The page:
Tokyo-based new media artist Eric Siu has created a really wonderful idea that blends technology and performance art in way that is sure to turn heads — even in Japan where crazy technologies have become almost synonymous with the country.
His prototype of ‘Touchy’ is a human camera, or to explain more fully, a human who wears a helmet-like camera on his head, with the eye-holes functioning as shutters which are activated when others touch him for ten seconds. An LCD screen on the back of the head-piece lets people review the photo which has been taken.
Together with his partner Asia Skubisz who joined him last year, Eric plans more live performances in the future, such as ones they have already held in Akihabara and Harajuku. They are also considering using Touchy as a sort of social healing device that might be used by social workers in certain situations. The pair have developed a story around the character of Touchy (Asia plays his friend ‘Margaret Toucha’), in which he explores fun new places, and they hope to later build on that, possibly even developing a manga.
The whole concept is rooted in the notion that our current society is in many ways increasingly isolated because of technology. Yes, we’re connected via our smartphones, but the extent to which we are getting lost in the digital world is something which worried Eric. Touchy is a result of rethinking our relationship with technology, and the joy that can come via offline communication.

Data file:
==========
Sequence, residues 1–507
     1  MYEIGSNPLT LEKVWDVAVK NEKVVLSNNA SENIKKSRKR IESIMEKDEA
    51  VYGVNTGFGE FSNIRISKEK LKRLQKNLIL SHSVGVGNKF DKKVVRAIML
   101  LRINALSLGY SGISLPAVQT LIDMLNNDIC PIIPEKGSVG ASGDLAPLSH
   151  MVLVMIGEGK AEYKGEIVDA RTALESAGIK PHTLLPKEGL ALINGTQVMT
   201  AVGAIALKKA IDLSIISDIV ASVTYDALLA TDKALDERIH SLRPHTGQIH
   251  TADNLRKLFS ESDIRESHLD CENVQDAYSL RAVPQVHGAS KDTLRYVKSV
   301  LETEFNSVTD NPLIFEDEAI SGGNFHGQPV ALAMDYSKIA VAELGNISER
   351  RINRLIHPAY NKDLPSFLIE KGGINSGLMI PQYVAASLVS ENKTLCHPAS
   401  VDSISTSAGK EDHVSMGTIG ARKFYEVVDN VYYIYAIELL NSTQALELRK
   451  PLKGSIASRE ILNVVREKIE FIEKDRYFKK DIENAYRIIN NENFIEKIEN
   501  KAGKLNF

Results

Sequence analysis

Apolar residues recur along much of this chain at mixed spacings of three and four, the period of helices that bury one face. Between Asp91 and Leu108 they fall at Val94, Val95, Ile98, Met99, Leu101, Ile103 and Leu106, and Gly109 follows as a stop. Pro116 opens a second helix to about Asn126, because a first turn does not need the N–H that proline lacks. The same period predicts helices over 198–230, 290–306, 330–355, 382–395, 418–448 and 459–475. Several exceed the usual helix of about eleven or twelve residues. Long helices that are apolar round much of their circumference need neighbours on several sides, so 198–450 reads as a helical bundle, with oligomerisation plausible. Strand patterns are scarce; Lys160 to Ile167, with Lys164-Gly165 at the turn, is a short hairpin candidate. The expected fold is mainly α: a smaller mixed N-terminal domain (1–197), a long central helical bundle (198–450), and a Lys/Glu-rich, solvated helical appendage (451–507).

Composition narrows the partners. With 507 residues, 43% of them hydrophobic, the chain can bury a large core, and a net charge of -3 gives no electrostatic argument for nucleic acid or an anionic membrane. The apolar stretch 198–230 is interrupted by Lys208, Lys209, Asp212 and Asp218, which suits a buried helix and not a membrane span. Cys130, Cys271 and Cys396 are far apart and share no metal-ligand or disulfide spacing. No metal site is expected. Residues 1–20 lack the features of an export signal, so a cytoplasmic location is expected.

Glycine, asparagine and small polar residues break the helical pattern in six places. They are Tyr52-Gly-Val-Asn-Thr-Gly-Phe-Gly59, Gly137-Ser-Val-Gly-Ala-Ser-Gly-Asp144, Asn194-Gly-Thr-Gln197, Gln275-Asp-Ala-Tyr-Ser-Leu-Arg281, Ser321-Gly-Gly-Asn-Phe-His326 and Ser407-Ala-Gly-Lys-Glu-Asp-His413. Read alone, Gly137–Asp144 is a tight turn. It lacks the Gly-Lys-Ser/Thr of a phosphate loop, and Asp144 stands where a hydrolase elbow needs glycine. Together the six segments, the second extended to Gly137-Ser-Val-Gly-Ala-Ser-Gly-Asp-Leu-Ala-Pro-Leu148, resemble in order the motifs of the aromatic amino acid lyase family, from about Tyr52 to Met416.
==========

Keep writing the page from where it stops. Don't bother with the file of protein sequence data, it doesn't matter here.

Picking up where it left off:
I’m told that later on, Touchy could be further developed as a Kickstarter project, but nothing has been decided on when or how that might happen. Nobumichi Tosa of Maywa Denki fame has been a mentor on the project, and he has been involved with equally unique and fun devices like the Otamatone.
If you’d like to learn more about how Touchy works, check out the promo video below. It’s a great idea, and I hope we can continue to see Touchy explore Japan more. Perhaps the folks at MOFA or the Japan Tourism Agency should enlist his help in promoting the country to tourists, since their own efforts have been less than stellar so far.